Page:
rf pcb layout guide
Design rules for high frequency or RF (RF)circuit.
Following these rules will help you avoid some of the most common pitfalls in RF design.
Poor PCB layout is one of the most common causes of low launch or reception performance and EMC failure due to false launch.
Ideally, engineers engaged in PCB design should be familiar with IPC standards, as they provide a rich source of information and best practices on general principles of PCB design.
When planning to lay out an rf pcb, first contact the preferred board manufacturer and obtain their guidelines and manufacturing capabilities.
This will include the minimum track and gap width, bit size and other key parameters.
Plate manufacturers should also be able to provide you with their standard layer stack and material data, which will include copper weight, dielectric constant, thickness of the core and pre-
Multi-layer prepreg layerlayer boards.
Unless your circuit is very simple, I would recommend using a 4-layer board, which ensures a continuous ground plane.
When using a dual panel, it is difficult to ensure that the ground plane is notbroken.
Another advantage of the 4-board is the size of the micro-board
The 50 or 75 ohm design belt is easier to manage. Use a micro-
Strip calculator, used to determine the width of the track required for the design impedance, and to make sure that it is within the scope of manufacturing capability, if not, you may need to discuss layers-
Stack with the manufacturer and select a nonstandard build.
Another point to note is that in my experience, trying to maintain separate Netcom for different signal areas often causes problems, not any benefits, this is, to a large extent, a low impedance ground is the safest route.
It is completely acceptable to use FR4 for board upto 2.
Unless the highest level of performance is required, it is 4 GHz.
In some cases, it is worth specifying the board as a controlled impedance in order to provide consistent RF performance.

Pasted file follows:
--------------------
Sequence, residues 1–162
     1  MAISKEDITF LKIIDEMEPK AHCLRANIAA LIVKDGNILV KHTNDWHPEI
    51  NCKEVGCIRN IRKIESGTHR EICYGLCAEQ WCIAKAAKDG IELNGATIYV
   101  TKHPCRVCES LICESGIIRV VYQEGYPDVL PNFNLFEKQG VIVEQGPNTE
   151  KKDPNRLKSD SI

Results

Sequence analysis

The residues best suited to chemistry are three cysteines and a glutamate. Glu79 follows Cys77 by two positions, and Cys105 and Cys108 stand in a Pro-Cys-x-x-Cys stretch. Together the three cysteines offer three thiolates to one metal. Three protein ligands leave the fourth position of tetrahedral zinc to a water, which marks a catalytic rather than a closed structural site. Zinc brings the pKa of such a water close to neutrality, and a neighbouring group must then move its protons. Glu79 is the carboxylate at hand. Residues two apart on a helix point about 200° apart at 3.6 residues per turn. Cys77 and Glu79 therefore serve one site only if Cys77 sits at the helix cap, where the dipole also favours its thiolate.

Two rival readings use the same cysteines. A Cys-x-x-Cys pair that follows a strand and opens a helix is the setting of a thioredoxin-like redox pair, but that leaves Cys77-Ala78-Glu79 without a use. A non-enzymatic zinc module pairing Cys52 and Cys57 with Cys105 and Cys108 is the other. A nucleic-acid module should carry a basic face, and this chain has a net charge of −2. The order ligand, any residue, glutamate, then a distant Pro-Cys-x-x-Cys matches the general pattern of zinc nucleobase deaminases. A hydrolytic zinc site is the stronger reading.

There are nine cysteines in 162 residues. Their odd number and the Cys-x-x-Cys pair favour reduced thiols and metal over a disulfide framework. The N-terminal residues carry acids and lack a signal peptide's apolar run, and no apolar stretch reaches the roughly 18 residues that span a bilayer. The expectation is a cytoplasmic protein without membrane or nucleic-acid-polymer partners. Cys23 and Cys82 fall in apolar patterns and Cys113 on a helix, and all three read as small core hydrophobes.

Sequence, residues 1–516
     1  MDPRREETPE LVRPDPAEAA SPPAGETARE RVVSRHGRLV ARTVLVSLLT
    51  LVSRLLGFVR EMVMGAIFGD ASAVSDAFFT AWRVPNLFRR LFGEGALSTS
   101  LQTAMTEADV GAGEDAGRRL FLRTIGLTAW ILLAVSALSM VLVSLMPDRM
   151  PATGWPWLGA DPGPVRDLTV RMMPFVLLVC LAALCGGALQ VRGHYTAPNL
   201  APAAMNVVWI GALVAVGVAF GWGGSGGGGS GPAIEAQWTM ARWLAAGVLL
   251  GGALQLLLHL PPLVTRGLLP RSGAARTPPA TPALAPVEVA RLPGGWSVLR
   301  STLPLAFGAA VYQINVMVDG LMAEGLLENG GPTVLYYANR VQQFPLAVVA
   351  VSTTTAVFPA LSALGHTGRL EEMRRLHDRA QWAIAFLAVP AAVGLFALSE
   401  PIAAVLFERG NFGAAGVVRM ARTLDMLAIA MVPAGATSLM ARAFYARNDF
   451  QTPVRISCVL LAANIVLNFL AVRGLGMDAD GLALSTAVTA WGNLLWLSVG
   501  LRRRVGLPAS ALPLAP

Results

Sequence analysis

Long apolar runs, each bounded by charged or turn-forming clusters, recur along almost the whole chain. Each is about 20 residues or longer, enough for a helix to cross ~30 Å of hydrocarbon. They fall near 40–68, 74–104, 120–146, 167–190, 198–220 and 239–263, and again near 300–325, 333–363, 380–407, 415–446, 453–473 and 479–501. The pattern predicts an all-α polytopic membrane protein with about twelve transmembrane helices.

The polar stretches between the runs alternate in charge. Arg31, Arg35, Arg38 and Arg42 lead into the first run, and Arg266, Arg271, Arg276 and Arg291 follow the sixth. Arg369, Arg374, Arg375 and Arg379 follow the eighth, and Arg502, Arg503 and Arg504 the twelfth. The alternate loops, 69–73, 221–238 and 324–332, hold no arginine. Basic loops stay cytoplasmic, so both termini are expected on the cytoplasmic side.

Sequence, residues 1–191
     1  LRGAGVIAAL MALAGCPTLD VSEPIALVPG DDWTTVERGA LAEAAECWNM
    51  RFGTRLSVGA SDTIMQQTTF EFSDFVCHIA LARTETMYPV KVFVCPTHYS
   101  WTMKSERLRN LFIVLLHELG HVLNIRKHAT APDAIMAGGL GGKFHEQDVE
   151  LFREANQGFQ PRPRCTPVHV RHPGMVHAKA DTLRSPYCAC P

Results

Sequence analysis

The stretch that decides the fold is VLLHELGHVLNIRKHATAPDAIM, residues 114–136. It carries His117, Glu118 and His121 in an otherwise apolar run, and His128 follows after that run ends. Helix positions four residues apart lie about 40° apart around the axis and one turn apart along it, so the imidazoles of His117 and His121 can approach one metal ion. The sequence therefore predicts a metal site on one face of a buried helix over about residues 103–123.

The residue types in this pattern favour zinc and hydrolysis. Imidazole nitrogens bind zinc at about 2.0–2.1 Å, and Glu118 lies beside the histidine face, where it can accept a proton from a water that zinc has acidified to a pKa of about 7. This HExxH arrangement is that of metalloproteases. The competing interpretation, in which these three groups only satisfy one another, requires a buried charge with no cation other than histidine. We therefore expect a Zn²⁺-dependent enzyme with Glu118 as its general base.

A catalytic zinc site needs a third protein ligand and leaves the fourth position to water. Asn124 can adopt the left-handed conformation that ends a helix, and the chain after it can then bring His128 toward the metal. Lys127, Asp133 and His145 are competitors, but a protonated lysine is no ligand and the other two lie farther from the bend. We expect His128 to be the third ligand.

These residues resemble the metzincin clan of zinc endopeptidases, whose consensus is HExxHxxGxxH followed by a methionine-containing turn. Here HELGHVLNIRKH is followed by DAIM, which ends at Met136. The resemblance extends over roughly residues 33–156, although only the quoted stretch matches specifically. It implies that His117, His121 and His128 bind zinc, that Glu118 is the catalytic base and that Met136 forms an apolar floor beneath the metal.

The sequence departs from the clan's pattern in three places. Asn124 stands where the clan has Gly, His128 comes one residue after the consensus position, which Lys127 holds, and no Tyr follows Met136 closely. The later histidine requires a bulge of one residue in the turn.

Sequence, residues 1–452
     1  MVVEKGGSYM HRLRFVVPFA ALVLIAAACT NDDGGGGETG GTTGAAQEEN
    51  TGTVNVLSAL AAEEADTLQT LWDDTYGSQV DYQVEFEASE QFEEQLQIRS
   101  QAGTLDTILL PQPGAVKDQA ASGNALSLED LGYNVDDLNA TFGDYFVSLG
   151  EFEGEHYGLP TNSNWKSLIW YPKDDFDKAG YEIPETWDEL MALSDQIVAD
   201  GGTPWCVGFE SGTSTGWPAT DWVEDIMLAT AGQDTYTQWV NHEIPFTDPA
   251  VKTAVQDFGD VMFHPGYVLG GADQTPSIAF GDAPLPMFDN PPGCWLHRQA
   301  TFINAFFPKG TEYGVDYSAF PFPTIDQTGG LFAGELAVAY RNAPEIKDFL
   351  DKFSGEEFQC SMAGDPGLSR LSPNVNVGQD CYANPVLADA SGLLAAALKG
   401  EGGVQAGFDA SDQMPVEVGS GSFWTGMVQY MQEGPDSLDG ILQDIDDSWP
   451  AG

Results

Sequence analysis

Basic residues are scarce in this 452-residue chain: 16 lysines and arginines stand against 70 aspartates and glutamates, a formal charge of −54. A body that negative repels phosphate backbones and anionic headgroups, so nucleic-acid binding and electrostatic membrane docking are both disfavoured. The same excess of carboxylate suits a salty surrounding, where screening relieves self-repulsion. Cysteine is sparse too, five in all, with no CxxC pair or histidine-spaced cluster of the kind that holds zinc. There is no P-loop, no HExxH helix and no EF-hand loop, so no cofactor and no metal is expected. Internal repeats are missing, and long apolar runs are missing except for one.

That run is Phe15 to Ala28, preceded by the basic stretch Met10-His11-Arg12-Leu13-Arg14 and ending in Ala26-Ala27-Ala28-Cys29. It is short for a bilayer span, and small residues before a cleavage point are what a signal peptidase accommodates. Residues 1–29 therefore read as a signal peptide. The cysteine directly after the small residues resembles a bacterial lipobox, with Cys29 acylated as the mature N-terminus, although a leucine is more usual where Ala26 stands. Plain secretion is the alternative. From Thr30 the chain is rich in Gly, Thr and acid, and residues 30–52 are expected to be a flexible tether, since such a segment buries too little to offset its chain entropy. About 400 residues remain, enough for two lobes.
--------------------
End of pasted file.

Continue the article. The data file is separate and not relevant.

After determining the geometry of the track and board, the next step is to solve the placement problem of the components.
Make sure that the layout of the RF Assembly makes it possible for all RF tracks to remain on the top surface of the minimum length and direction change.
Start from the low signal level area of the antenna or RF input and work backwards to the baseband or digital area.
Keep the digital and power areas away from Analog RF circuits and keep all RF components on one side of the board.
If the RF track cannot run in straight lines, if the CAD system supports oblique bending, use oblique bending, and do not use right angle bending on the RF signal line.
If a series of 45-degree bends or arcs are not supported, this will minimize impedance mismatch, thereby increasing loss and false emission.
On the RF layout, ground flooding is usually provided on the top floor and it is \"stitched\" to the ground by using multiple.
If you intend to do so, make sure that the copper is at an appropriate distance from the RF track and assembly, otherwise the impedance is reduced and the harm is greater than good.
The spacing can be 5-
The distance is 10mm, and there is little benefit by stitching 5mm apart.
The track from the RF assembly to the ground should be as short as possible and 2 or 3 via should be used in parallel to minimize the impedance.